We believe Catalyst is an important step in the process of learning about social justice, but it is not the only one. With that in mind, we have compiled a list of resources that we hope will spark further conversations for you and the people around you. (Please be mindful that these resources deal with multiple issues which some audiences may find triggering and may contain graphic or unsettling imagery).
- “13th” (Netflix) – The film explores the “intersection of race, justice and mass incarceration in the United States;” it is titled after the Thirteenth Amendment to the United States Constitution, which freed the slaves and prohibited slavery (unless as punishment for a crime).
- Loving (HBO) – The story of Richard and Mildred Loving, a couple whose arrest for interracial marriage in 1960s Virginia began a legal battle that would end with the Supreme Court’s historic 1967 decision.
- Hidden Figures (HBO) – The story of a team of female African-American mathematicians who served a vital role in NASA during the early years of the U.S. space program.
- Lila & Eve (Netflix) – Two distraught mothers, whose children were gunned down in a drive-by, team up to avenge their deaths after local authorities fail to take action.
- Fruitvale Station (Netflix) – The film depicts the story of Oscar Grant III, a 22-year-old from Hayward, California, and his experiences on the last day of his life, before he was fatally shot by BART Police in the early morning hours of New Year’s Day 2009.
- Insecure (HBO) – The series explores the black female experience from the perspective of the two female protagonists.
- The Handmaid’s Tale (HBO) – Set in a dystopian future, a woman is forced to live as a concubine under a fundamentalist theocratic dictatorship.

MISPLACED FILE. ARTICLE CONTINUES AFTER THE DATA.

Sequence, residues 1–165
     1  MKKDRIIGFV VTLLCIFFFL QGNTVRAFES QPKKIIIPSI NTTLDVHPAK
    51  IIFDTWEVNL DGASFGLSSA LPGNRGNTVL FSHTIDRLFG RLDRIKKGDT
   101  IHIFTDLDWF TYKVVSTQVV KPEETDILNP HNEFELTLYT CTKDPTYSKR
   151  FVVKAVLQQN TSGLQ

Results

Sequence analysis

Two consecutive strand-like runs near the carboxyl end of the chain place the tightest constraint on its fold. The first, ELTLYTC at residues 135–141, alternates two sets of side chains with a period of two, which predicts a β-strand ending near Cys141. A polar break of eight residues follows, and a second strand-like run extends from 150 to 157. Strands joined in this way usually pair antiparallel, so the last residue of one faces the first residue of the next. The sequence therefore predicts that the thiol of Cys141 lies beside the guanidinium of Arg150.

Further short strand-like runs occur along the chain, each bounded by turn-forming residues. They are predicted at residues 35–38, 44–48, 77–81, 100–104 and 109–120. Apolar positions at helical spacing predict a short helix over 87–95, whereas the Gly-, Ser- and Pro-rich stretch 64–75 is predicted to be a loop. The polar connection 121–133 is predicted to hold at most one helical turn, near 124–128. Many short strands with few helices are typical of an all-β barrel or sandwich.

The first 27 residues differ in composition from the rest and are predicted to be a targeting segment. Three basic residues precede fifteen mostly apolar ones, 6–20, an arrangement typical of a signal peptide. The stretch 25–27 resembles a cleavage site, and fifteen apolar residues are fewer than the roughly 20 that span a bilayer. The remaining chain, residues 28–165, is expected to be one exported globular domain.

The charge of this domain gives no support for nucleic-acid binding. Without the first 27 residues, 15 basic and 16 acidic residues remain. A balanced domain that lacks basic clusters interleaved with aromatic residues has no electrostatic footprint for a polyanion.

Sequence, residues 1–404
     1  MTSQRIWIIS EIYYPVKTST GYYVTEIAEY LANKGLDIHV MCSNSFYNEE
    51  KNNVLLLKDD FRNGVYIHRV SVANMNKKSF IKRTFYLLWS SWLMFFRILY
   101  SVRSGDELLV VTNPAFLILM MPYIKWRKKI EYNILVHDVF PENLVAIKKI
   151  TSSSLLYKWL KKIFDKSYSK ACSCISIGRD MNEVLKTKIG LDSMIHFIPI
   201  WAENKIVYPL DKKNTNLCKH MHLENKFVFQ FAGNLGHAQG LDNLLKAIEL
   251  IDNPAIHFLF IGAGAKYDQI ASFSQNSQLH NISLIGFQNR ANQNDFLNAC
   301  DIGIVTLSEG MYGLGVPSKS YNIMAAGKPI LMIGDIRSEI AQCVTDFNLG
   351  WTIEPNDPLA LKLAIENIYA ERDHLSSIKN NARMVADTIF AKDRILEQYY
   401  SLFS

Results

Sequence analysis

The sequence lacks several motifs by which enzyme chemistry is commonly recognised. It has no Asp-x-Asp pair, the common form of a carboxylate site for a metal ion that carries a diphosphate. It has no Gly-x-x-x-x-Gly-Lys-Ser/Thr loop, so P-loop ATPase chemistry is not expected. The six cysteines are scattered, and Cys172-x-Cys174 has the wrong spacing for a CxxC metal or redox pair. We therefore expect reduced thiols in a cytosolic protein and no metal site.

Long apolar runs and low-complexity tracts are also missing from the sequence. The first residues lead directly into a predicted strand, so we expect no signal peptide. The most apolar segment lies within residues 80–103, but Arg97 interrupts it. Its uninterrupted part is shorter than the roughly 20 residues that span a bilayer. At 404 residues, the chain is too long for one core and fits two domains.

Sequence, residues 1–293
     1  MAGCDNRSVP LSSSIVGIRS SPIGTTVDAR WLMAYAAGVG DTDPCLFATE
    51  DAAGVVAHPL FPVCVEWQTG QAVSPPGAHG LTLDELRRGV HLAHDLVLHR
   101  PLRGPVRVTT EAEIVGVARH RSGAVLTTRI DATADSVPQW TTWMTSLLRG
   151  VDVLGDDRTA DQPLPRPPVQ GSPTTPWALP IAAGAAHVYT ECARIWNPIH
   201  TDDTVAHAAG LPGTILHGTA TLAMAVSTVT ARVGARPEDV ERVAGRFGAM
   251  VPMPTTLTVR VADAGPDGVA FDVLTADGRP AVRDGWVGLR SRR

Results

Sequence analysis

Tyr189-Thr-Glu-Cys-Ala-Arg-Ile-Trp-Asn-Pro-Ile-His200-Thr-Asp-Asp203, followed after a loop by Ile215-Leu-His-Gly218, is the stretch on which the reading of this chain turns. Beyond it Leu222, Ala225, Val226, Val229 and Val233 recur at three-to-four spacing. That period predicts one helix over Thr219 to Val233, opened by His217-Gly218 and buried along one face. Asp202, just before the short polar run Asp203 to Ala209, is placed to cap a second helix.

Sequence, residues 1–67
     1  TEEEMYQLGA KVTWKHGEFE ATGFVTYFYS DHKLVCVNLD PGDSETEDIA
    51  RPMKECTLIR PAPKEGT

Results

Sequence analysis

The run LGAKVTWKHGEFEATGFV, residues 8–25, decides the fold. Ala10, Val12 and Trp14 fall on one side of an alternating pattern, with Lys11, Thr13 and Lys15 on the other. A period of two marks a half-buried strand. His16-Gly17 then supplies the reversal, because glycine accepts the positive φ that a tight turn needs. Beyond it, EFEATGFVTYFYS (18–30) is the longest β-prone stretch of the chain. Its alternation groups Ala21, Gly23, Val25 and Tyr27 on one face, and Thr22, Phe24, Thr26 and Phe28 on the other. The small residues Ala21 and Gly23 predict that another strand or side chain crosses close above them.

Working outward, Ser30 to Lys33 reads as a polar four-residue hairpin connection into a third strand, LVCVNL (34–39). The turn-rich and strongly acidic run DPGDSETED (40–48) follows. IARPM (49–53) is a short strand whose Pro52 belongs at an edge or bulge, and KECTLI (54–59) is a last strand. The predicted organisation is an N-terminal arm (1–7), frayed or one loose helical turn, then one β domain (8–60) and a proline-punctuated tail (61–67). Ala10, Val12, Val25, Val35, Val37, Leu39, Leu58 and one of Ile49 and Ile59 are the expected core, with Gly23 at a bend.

- Being Emily, Rachel Gold – The story of a transgender girl coming out to her girlfriend and her parents, and the stumbling blocks that come with those decisions.
- The Hate U Give, Angie Thomas – A story that follows a protagonist drawn to activism after she witnesses the police shooting of her unarmed friend.
- You’re Welcome, Universe, Whitney Gardner – When Julia finds a slur about her best friend scrawled across the back of the Kingston School for the Deaf, she covers it up with a beautiful (albeit illegal) graffiti mural. Her supposed best friend snitches, the principal expels her, and her two mothers set Julia up with a one-way ticket to a “mainstream” school in the suburbs, where she’s treated like an outcast as the only deaf student. The last thing she has left is her art, and not even Banksy himself could convince her to give that up.
- The Round House, Louise Erdrich – The story of a Native American boy on the cusp of manhood who seeks justice and understanding in the wake of a terrible crime that upends and forever transforms his family.
- The Sympathizer, Viet Thanh Nguyen – A profound, startling, and beautifully crafted debut novel, The Sympathizer is the story of a man of two minds, someone whose political beliefs clash with his individual loyalties. In dialogue with but diametrically opposed to the narratives of the Vietnam War that have preceded it, this novel offers an important and unfamiliar new perspective on the war: that of a conflicted communist sympathizer.
- Girl Mans Up, M-E Girard – Old-world parents, disintegrating friendships, and strong feelings for other girls drive Pen to see the truth—that in order to be who she truly wants to be, she’ll have to man up.